One of the main difficulties that boy number two has that is associated with his condition is linked to his communication. Whilst he understands a good deal of what is said to him (we can tell this by his responses and reactions), his communication can be limited. He is making good improvements and is beginning to form many clear words and is much more confident in putting sentences together, but is still experiencing significant difficulties in communication. I suspect it will be a long road to a clear pattern of speech for him. He needs time and and patience from those around him to fully express himself. He generally does quite well and can make himself clear. He struggles to express himself well in a pressured or unfamiliar situation. He also finds it very difficult to express his emotions.
Put together, his difficulties with expression and communication, especially in social and emotional contexts, can cause some anxiety for him.
Discussing this particular area of his needs brings my mind to a particular incident in December 2015… picture if you will…
Boy number two had just completed his first term of full time schooling, as every parent and member of school staff know, the end of the Autumn term is a little bit unroutined and exciting. It is filled with preparation for school plays instead of regular lessons, there are Christmas decorations everywhere, there is much excitement and anticipation in the air.
For those schools and families who participate in the Christmas celebrations, the excitement cannot be avoided. It’s at school, it’s at home, it’s on the tv, it’s in the shops. There are extra family visits, the thought of a present and chocolate in the morning! This can be a testing time for any child that does not have any additional needs. For those who have extra things to deal with in their daily lives such as emotional needs, learning needs or disability, this extra set of processing or stimulus can quickly sap their tolerance and concentration levels and tip them from coping to not coping in one fell Santa hat.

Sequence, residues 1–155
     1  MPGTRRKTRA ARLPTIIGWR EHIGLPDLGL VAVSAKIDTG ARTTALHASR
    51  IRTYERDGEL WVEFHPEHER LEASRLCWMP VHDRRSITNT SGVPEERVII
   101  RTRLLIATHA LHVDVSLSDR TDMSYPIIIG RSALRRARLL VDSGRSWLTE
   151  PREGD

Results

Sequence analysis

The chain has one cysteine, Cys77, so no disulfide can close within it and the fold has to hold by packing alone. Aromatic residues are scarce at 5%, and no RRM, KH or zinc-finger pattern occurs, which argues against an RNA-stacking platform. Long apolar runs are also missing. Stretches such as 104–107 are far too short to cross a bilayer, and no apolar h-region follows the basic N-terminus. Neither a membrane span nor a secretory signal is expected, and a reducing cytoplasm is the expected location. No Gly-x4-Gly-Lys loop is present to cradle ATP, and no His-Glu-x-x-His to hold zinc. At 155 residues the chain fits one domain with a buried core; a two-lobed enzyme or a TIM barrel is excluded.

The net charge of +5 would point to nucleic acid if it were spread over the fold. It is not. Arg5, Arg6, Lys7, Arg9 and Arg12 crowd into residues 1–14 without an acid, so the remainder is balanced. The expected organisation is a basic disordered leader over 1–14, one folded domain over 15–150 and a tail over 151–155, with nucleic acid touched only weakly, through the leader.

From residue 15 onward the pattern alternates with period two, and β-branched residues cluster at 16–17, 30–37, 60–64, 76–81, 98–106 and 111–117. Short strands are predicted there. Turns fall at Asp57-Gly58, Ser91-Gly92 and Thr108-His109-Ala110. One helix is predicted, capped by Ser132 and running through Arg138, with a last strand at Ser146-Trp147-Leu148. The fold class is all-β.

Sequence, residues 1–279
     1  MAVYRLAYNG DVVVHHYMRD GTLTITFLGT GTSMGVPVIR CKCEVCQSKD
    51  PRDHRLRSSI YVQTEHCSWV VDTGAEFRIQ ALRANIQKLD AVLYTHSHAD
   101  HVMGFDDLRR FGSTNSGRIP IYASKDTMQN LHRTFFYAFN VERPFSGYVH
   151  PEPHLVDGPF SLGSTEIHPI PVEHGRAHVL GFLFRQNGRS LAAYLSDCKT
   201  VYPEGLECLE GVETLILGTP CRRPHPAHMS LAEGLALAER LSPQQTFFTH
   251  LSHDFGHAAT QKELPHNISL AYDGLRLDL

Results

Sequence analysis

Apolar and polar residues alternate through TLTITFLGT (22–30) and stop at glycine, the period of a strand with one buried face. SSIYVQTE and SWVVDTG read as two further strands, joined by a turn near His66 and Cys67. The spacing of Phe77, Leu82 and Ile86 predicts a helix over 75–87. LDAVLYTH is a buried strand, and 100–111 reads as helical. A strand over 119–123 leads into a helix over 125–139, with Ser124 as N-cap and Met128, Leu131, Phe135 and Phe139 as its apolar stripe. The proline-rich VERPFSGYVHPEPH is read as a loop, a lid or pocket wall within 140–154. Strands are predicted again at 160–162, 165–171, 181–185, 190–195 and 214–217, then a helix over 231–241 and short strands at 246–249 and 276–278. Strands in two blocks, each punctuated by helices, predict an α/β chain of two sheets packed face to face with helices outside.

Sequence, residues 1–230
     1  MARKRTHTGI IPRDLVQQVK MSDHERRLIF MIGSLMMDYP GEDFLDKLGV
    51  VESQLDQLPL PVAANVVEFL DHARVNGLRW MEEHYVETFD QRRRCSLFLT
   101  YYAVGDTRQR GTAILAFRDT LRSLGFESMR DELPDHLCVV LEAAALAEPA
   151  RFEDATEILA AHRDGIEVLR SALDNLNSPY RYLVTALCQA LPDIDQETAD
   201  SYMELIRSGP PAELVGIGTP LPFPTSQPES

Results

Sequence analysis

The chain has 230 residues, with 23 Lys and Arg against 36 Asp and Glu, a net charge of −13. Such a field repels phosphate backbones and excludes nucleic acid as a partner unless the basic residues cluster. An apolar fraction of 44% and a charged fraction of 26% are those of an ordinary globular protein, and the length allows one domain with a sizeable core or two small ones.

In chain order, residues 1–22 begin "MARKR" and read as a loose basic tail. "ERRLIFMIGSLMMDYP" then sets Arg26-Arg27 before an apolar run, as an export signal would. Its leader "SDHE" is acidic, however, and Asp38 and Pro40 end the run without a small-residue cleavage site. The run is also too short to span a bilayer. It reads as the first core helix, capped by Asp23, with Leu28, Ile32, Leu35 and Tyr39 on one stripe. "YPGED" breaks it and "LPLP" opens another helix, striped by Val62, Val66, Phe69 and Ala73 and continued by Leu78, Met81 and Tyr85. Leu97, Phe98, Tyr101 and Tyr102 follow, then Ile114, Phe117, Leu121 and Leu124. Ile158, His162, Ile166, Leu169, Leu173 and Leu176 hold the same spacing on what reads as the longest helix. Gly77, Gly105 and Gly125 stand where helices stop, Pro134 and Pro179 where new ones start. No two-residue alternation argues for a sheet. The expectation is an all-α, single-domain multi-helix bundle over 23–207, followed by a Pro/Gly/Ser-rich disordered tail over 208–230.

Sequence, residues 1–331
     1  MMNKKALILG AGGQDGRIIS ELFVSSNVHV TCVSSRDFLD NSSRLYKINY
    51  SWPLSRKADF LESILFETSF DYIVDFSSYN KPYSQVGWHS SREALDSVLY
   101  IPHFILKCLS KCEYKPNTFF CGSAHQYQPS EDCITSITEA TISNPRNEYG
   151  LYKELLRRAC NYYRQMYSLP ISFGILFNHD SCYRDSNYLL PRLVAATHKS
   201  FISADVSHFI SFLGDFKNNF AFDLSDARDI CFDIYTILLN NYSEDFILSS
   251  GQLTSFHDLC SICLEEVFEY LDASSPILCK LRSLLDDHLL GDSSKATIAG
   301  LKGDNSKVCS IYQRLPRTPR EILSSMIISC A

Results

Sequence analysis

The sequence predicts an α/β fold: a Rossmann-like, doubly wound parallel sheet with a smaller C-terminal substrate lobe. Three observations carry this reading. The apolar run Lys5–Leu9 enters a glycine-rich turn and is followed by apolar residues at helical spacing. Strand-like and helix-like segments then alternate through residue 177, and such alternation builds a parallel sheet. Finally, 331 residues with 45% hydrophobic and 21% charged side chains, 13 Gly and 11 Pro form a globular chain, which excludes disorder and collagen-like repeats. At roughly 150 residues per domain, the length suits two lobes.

With hindsight, my decision to go to the shoe shop to purchase new shoes with boy number one, boy number two and an 8 week old boy number three was not the best inspiration I have ever had. I will blame having a newborn and lack of sleep for my serious error in judgement (face in hands emoji).
Boy number one’s shoes had fallen apart so I found a spare morning on the first week of the school Christmas break to go and buy new ones. We walked in the shop which is located within a larger store and took our ticket to wait our turn.
Boy one and two were quite fidgety whilst waiting, and all of my usual distraction techniques were being exhausted rapidly! When we were seen, boy number three decide it might be a good time to cry about needing to be fed. Boy number one needed new shoes, which was fine, and he put his old shoes in the shoe recycling bin, following this up with lying and rolling across the seats.
Boy number two had his shoes off ready to put in the recycling bin too. It took a great deal of persuasion to tell him that he couldn’t put them in the bin before he had his feet measured. He did have his feet measured, and much to my delight (as shoes cost a small mortgage!) he hasn’t grown and didn’t need new ones. This was not to his delight at all! An emotional meltdown ensued. He found it very difficult to understand that he could not put his shoes in the recycling bin and have new ones like his brother.
As I was trying to calm down boy number two, ask boy number one to stop rolling around the chairs and felt the need to feed boy number three, I could feel the pressure building! I had my mum with me on this occasion and I asked her to distract boy number two by looking around the rest of the shop whilst I paid and sorted out boy one. At this, boy number two ran out of the shop. As part of his condition is physical unstableness, and excitement and stimulation is a trigger, he became very unsteady and ran face first into a shop display.
So at that moment in time, I had a very excitable boy one, a hungry boy three and a boy two that had given himself a grazed face and nose bleed!
I think it is safe to say that this occasion was one of the most stressful shopping trips I have ever made.
After the event I have reflected and thought about what the professional me would tell the parent me, and I have concluded that beyond reminding myself that boy number two has communication difficulties and these are extremely heightened by stress and stimulation, I would remind myself to never, ever go shoe shopping in the first week of the school Christmas holidays!
I have since been shoe shopping at the same shop. I asked if they do appointments for children with additional needs at quiet times of the day and they told me that they would not only make an appointment, but they would take him into a side room where it is quiet if the shop is busy. This would be an amazing service for a child who finds these things very anxiety provoking.
The lesson I have taken from this is to always ask if there is a reasonable adjustment that can be made if the situation calls for it- and shoe shopping in the first week of the school Christmas holidays is utter madness! It was a shopping trip I will remember for a long time, and hope never to repeat!